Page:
Natural and Beneficial Functions of Floodplains
When portions of floodplains are preserved or restored to their natural state, they provide many benefits to both human and natural systems. Open space resource areas adjacent to floodplain areas increase aesthetics and recreational opportunities; reduce the number and severity of floods, help handle stormwater run-off and minimize non-point water pollution.
The County of San Diego General Plan sets forth the following objectives to conserve resources and natural processes:
- Encourage the preservation of the significant natural features of the County, including lakes, basins, river banks and waterways.
- Encourage only those uses and activities that are compatible with the marine ecosystem along the shoreline. Designate appropriate areas as underwater or water-related wildlife preserves.
- Discourage any use of the lagoons that would be incompatible with their natural ecosystems.
- Encourage the conservation of vegetation and trees needed to prevent erosion, siltation, flood, and drought, and to protect air and water quality.
Objectives under the health and safety goal include:
- Protect life and property by regulating uses in areas subject to flooding.
- Reduce the need for the construction of major flood control improvements.
- Control development to assure a minimal adverse polluting effect on reservoirs, lakes, streams, rivers and groundwater supplies.
In accordance with policies set forth in the County of San Diego General Plan, a large proportion of floodplains within the County are held for open space uses, such as parks and other recreational areas, many in a natural or beneficial state. The County's Multiple Species Conservation Program (MSCP) further ensures that the objectives of the General Plan are met. The MSCP goals are to maintain and enhance biological diversity in the region; to maintain viable populations of endangered, threatened, and key sensitive species and their habitats, and to protect water quality. Through the MSCP, key habitat areas have been acquired. The first properties acquired were the Ham and Yunis properties in the Lakeside Archipelago area in January 1999. The two properties totaled nearly 60 acres. County-approved MSCP properties now total more than 4,500 acres.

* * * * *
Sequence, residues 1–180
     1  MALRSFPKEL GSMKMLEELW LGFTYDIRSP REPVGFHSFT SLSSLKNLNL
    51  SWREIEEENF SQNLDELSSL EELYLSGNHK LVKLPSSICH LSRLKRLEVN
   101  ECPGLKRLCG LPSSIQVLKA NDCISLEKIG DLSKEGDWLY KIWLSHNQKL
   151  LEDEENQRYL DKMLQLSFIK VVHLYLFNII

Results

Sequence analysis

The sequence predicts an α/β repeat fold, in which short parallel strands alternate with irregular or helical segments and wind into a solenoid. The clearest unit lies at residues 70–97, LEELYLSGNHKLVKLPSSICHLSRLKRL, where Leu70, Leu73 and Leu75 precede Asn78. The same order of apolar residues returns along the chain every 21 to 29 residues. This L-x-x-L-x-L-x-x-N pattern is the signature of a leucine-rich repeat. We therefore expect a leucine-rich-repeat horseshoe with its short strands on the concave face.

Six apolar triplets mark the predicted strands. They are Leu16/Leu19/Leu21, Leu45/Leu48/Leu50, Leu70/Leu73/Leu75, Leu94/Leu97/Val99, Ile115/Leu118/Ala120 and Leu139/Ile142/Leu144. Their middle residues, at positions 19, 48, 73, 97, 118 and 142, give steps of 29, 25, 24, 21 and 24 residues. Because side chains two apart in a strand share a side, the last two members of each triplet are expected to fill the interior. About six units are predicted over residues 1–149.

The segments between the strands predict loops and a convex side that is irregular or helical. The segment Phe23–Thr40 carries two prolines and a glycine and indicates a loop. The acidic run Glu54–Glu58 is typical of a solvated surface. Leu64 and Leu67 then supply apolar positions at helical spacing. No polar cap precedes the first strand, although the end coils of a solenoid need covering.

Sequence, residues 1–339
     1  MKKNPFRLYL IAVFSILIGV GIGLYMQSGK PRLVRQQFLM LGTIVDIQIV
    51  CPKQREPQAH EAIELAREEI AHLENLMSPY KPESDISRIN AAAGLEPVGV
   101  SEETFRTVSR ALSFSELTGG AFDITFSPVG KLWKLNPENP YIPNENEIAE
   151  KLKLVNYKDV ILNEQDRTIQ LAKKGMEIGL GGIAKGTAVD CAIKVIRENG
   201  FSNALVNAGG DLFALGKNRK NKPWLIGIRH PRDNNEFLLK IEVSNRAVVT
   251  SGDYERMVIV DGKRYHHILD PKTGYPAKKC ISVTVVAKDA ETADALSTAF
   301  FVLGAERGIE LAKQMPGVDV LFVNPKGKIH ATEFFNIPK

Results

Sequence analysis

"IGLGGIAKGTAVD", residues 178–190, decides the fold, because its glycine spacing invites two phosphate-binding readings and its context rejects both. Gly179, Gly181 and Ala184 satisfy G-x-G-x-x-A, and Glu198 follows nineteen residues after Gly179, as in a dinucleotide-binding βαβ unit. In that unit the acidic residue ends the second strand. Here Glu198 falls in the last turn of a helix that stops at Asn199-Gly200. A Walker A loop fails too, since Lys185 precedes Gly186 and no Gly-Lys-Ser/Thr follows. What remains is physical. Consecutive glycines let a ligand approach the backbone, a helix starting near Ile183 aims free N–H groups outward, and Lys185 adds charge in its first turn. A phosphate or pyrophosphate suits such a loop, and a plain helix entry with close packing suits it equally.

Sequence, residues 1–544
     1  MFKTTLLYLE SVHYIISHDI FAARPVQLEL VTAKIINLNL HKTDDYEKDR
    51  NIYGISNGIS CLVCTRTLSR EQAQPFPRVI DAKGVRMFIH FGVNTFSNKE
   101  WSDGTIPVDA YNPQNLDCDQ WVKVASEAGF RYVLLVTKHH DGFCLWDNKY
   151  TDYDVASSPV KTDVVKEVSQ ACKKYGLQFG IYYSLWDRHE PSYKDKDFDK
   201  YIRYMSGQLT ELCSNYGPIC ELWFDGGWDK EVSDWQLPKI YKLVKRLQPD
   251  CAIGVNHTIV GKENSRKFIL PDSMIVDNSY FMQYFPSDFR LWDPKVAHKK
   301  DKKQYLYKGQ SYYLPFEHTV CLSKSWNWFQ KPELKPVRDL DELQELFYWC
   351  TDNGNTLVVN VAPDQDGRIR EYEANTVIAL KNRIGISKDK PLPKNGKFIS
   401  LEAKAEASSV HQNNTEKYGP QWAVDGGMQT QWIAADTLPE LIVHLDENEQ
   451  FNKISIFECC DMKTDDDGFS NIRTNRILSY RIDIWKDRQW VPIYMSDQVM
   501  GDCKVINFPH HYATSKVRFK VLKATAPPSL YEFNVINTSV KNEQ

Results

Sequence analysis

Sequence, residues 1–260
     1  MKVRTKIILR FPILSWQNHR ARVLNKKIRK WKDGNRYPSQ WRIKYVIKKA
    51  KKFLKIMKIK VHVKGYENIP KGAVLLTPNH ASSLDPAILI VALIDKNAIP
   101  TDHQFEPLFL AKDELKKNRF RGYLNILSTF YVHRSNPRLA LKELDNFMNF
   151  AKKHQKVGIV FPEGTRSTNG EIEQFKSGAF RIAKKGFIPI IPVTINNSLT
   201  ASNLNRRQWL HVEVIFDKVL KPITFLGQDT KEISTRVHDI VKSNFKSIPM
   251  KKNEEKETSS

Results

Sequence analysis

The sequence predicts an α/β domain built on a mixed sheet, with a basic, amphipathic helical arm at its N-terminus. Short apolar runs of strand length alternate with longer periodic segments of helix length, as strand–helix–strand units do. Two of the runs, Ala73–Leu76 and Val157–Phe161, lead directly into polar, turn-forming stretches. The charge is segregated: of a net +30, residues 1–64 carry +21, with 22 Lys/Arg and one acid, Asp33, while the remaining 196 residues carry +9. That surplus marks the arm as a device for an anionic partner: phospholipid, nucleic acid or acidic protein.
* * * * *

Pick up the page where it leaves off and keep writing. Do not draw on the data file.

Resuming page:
The County of San Diego Watershed Protection, Stormwater Management, and Discharge Control Ordinance requires measures to control flow rates and velocities so that flows and flow patterns do not disrupt downstream wetlands or riparian habitats. Diversion of runoff to regional facilities is not allowed if it will deprive immediate downstream habitats of the minimum flows and /or over-bank flow events they need.
If you have questions or would like
call the County Stormwater hotline at 1(888) 846-0800
or e-mail us at firstname.lastname@example.org
If you see a County storm drainage system in need of maintenance, contact the County Department of Public Works Field Operations staff at (619) 443-1260 weekdays or contact the Stormwater Hotline at 1(888) 846-0800. For after-hours emergencies contact (858) 565-5262.
COUNTY OF SAN DIEGO
Department of Public Works
5510 Overland Ave., Suite 410, MS O326
San Diego, CA 92123, USA
(858) 495-5318 Fax: (858) 495-5263